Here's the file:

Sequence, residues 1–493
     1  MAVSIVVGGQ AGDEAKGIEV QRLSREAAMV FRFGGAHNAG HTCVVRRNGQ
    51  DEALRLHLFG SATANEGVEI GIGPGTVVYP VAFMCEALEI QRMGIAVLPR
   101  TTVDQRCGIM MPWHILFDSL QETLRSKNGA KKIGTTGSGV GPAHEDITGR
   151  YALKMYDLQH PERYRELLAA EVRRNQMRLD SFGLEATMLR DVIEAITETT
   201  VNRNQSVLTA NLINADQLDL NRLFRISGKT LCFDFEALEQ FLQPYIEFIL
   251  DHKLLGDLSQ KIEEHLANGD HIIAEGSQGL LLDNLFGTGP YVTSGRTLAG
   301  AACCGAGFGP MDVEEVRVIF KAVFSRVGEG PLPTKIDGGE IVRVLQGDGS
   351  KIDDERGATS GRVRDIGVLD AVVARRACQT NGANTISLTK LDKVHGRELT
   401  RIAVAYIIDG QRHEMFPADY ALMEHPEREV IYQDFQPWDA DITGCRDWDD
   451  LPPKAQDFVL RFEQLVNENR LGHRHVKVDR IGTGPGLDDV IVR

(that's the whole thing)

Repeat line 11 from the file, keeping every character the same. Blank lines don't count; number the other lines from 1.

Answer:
   451  LPPKAQDFVL RFEQLVNENR LGHRHVKVDR IGTGPGLDDV IVR